Pakistan is at crossroads. President Musharraf was the best thing that happened to the country in the late 1990s. He brought economic stability, political strength and statesmanship when it mattered most (during 9/11) as well as privatising the media. He will be remembered for this. However, what he fell short of is building strong institutions that can stand for themselves. And the justice system is one good example of that. Unfortunately by being so supportive of President Bush, he has lost his credibility within the country. As of the Western powers, they do not mind dealing with dictators as long as someone gets their jobs done. If he wants to change things, the president can make a good start by consulting people outside his current set of advisors.
Ahmed M, Toronto, Canada
Ahmad Rashid fails to address what happens if President Musharraf leaves. Who is next, another general or a politician? Now considering that the champions of democracy have become lifelong chairpersons of their respective political parties, I honestly doubt how democratic their regimes would be this time around. Yes I mean Benazir Bhutto and Nawaz Sharif. If Pakistani people really want these people back in power then the nation truly deserves the misery these people brought the last two times.
Kamal Pirzada, USA
I say only few words about General Musharraf, he is hero, a brave and sincere person, who secured Pakistan from foreign invasion and put the country on social, economic and political reform. Previous governments failed to do so. I think the president is the best option both for Pakistan and for the West.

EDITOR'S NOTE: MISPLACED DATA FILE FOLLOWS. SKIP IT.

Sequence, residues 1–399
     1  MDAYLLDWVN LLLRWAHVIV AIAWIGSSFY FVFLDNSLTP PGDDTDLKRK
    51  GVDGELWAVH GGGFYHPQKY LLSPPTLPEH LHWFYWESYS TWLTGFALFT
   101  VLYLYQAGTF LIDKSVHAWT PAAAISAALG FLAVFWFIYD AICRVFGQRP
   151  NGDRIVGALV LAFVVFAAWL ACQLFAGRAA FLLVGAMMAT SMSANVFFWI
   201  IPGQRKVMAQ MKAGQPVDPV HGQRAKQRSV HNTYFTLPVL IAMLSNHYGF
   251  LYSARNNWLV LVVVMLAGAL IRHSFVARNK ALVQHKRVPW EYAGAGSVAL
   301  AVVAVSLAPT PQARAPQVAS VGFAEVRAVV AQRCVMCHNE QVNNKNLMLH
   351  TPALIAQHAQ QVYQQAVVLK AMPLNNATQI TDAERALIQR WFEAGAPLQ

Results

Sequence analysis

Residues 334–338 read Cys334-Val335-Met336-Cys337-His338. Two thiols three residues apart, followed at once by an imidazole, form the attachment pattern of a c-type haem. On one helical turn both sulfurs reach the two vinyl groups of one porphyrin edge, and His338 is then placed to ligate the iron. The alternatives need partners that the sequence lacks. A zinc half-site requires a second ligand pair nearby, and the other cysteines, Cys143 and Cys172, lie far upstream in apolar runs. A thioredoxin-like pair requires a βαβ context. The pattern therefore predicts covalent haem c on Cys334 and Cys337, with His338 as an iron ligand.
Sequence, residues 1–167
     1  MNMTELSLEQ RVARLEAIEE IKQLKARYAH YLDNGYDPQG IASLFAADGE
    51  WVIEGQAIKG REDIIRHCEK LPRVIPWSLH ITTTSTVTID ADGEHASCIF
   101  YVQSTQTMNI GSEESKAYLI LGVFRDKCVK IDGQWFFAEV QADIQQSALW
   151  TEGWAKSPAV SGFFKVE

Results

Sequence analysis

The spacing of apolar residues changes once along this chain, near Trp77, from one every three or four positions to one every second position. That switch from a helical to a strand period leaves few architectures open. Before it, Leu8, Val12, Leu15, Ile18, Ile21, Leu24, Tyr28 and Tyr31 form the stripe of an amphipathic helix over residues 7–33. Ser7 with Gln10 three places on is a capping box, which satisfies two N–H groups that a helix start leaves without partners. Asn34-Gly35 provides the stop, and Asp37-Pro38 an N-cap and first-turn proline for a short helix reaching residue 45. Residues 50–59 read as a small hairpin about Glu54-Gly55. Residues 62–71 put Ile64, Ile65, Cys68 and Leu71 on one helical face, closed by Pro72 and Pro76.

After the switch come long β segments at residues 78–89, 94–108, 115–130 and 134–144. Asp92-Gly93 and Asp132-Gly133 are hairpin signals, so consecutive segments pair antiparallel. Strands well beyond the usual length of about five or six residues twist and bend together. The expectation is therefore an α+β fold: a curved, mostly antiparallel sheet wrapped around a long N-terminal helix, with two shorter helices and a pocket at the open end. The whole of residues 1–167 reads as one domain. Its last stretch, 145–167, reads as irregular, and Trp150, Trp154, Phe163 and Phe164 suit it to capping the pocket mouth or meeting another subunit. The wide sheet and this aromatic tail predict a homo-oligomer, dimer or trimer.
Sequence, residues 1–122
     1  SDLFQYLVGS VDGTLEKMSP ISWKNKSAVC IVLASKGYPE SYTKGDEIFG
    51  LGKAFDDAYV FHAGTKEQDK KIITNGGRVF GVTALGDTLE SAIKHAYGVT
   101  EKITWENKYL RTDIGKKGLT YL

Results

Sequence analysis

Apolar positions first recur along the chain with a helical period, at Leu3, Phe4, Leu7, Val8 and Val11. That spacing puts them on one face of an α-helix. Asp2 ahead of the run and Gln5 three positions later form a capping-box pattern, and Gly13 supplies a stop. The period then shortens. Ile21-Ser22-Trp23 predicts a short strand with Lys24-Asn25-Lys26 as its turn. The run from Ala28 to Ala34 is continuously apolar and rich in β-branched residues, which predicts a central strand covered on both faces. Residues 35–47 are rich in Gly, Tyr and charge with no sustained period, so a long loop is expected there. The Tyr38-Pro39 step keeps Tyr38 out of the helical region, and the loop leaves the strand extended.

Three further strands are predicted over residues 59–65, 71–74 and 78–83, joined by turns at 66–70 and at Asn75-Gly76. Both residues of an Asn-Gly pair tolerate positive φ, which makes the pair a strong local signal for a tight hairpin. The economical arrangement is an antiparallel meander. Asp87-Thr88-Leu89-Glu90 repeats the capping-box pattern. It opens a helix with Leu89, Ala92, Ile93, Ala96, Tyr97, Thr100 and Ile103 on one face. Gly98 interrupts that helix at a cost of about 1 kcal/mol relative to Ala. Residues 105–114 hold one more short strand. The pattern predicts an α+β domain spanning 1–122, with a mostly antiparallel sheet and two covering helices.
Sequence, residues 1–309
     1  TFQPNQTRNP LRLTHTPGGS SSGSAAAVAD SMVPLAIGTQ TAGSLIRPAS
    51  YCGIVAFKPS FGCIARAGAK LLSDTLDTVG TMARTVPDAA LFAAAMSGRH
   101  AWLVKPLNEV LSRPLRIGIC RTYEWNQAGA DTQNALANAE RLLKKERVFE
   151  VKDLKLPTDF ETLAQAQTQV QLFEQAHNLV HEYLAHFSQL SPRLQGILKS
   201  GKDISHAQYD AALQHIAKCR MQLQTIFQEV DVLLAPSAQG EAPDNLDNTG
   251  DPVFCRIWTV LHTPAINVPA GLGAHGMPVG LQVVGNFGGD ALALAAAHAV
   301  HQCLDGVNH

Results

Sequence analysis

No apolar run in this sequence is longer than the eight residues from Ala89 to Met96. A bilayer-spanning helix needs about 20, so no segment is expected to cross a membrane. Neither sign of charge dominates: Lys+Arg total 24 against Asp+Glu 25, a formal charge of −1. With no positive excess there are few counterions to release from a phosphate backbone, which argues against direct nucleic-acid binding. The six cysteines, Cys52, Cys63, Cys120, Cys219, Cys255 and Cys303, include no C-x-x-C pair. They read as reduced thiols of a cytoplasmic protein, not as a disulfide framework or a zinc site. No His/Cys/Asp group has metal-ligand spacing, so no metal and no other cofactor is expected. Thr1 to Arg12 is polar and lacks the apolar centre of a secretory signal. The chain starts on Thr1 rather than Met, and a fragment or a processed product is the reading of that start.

Abdul Majid Alwani, The Netherlands
No doubt President Musharraf's days ahead are going to be rough. But one must admire him the way he sustained pressure both internally and from the West.
Ameer Abbasi, UK
With all the trouble back home, will the general stir up trouble with India? After all, that is sure to unite everyone against the common enemy.
John Mattick, UK
We feel that Ahmed Rashid should have thrown the more relevant question that "Does Pakistan or Pakistanis need Musharraf any more?" In case the West needs Musharraf the most, then he (Musharraf) should be shifted there with all his family members immediately. Which would be of course a better and safer choice for all sides!
Irfan H. Malik, Karachi - Pakistan
Gen Musharraf should resign at this point and have some dignity. He hasn't delivered anything in past eight years. He should go home now.
Shahab Nasir, Islamabad, Pakistan
Well written. I feel that Gen Musharraf is having very little exposure to the real problems. He lives between a few of his Western advisors and local advisors most of the time. This seems to be major hindrance in making realistic, broader and durable decisions. He is currently making random decisions which unrealistic and temporary. I hope and wish that he could see things realistically and based upon broader parameters. He must understand that Western point of view is not the final word or end of life. How could the West understand and offer solutions to all problems in Pakistan while they are have such a contrasting and different culture, philosophy, history and priorities? It is nice to discuss things with the West and take advice, but it should be taken as an advice not as an order!
Zaheer Abbas, Germany
Only a dictator can solve the problems of Pakistan. There is no doubt that President Musharraf has developed Pakistan to an extent which others could not do. He is the first ruler of Pakistan who could decide that the future of Pakistan lies in good neighbourly relations with India and has made a good progress in this direction. Only a dictator can control the extremists and fundamentalists. No politician elected on the strength of votes can do it, because he has to depend on votes of these very people to remain in the chair and rule. No doubt the president made a big blunder by suspending chief justice of Supreme Court, but later on he should have handled this situation more delicately than by trying to suppress the fury of the common man. But I still feel he is the best bet for the future of Pakistan if one day it becomes a democracy again.
Harbhajan Singh Taggar, UK
Unless or until the government breaks rank with the religious parties and links up with the democratic parties there never will be progress or happiness in Pakistan